200 tons of ‘plastic road’ will be laid on a stretch of the N3 in KwaZulu-Natal soon, to see if it can last under South Africa’s harsh sun
- The company which built South Africa’s first plastic road will soon start laying 200 tons of plastic-infused tarmac on the N3 between Durban and Johannesburg.
- The plastic compound is made from a non-food-grade recycled plastic – strengthening the road while reducing waste headed for landfill.
- The stretch of road is an experiment, to see what South African weather does to part-plastic asphalt.
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Start from 10 September, 200 tons of "plastic road" is due to be laid on a stretch of the N3 highway in KwaZulu-Natal.
The recycled plastic is used as a binder ingredient in the asphalt and replaces a percentage of costly bitumen, while also diverting waste from landfill.
The project is by the same company, Shisalanga Construction, a majority-owned subsidiary of Raubex Group Limited, that in early August paved 80 metres of road in Cliffdale in KwaZulu-Natal with a mixture containing the equivalent of 6,770 milk bottles of locally recycled plastic.
That project is believed to have been the first part-plastic road paved in Africa.
The SA National Roads Agency "has approved a 200-ton trial on the N3 at the Hammarsdale Intersection which will be monitored for long term performance. SANRAL as well as other research institutions will be part of the long-term performance protocol,” said managing director Deane Koekemoer.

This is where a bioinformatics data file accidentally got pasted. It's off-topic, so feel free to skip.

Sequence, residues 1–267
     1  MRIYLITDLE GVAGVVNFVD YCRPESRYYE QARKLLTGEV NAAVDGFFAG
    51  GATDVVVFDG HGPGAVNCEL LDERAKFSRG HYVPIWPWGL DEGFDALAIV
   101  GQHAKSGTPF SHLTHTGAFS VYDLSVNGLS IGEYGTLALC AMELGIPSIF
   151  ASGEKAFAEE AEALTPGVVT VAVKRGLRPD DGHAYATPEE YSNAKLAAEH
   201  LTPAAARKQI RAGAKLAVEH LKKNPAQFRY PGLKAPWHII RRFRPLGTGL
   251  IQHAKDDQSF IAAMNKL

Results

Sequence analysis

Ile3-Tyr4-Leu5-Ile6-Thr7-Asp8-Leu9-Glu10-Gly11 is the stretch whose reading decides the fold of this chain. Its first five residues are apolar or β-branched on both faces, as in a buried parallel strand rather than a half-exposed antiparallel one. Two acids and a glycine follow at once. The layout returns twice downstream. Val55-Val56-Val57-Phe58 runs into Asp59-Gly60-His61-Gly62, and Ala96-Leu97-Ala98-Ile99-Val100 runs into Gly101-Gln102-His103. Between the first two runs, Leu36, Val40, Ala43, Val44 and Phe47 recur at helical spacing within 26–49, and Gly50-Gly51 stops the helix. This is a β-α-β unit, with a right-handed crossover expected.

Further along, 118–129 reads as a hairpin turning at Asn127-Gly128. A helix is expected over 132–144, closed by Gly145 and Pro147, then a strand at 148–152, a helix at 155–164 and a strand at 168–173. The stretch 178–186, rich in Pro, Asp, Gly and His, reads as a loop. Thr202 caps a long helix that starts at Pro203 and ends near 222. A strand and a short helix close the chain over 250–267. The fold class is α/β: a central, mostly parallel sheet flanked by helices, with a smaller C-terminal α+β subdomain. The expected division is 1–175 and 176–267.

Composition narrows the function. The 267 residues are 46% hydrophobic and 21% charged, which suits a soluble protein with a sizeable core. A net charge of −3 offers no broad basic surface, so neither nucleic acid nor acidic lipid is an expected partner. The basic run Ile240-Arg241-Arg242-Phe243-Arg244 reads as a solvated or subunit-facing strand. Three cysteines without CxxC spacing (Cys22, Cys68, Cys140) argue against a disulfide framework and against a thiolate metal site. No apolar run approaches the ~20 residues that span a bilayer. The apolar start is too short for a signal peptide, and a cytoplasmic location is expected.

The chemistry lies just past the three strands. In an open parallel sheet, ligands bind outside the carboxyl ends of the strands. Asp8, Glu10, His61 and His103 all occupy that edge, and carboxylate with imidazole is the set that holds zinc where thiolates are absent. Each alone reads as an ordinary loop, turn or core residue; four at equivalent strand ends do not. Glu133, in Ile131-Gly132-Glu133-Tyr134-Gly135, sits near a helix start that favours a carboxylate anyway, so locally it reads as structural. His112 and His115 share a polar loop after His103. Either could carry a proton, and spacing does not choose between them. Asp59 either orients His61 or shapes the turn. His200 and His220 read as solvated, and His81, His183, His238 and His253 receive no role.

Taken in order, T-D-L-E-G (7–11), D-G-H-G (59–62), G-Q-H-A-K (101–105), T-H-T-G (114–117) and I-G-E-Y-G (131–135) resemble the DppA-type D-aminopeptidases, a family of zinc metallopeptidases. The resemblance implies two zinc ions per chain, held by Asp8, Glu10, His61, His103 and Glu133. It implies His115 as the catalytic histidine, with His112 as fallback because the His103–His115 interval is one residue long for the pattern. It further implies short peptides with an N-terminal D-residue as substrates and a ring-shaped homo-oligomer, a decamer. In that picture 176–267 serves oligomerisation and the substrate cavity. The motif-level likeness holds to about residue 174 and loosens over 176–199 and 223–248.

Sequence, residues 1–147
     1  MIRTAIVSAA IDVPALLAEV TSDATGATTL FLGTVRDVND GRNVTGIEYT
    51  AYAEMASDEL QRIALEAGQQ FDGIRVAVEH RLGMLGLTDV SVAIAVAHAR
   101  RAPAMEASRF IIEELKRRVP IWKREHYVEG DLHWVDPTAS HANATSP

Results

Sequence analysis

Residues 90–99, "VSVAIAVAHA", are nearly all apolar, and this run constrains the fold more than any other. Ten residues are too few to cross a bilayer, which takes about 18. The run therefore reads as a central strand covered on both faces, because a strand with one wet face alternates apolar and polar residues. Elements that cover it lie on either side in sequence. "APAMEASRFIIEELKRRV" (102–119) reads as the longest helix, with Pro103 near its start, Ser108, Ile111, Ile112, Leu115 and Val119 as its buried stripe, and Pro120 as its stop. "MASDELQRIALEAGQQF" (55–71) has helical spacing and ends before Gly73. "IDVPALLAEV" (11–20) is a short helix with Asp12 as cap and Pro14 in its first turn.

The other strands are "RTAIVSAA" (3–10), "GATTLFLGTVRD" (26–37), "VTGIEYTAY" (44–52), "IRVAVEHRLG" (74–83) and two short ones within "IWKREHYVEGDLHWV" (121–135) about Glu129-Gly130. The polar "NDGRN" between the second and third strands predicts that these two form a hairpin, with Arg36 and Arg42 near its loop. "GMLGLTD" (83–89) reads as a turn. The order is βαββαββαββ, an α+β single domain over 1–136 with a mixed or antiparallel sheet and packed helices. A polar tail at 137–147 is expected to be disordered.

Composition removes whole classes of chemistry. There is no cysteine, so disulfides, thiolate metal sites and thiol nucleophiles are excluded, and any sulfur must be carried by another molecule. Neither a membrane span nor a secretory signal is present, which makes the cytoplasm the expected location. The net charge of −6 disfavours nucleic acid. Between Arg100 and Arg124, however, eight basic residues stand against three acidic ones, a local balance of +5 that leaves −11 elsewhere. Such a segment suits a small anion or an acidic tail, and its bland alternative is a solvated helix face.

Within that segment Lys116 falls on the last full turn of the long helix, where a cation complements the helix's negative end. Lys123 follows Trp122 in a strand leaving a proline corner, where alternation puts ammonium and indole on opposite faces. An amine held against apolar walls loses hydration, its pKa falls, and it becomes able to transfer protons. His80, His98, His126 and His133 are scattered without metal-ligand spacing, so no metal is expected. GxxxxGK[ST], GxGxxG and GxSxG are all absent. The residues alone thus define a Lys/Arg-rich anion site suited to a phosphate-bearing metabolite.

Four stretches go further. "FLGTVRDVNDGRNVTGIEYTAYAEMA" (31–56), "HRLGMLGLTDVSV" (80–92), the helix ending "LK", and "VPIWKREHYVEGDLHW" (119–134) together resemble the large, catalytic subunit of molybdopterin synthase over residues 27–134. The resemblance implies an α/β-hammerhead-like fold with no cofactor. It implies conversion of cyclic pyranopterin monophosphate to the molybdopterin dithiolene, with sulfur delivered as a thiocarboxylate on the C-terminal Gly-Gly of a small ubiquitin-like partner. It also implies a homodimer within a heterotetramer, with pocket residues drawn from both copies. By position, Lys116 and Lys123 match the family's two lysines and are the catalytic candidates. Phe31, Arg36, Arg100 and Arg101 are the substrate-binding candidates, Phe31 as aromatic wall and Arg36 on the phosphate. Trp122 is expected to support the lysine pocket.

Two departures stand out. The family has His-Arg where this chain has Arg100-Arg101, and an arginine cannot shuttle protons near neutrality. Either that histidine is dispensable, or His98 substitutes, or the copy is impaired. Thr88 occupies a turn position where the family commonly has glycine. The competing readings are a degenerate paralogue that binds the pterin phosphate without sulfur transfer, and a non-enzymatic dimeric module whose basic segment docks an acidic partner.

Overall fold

The plastic road will be watched to gauge its performance under South Africa’s unique weather conditions, which can range from extremely hot temperatures in summer to freezing cold in winter.
“In South Africa, all asphalt produced runs through a number of stringent testing methods... and this plastic asphalt is no exception,” said Koekemoer.
Just how far 200 tons of plastic asphalt goes on a road depends on the thickness it is laid, which is in turn determined by road specifications.
The recycled plastic is generated from local waste plastic and supplied buy a local recycling plant and the binder was manufactured in South Africa.
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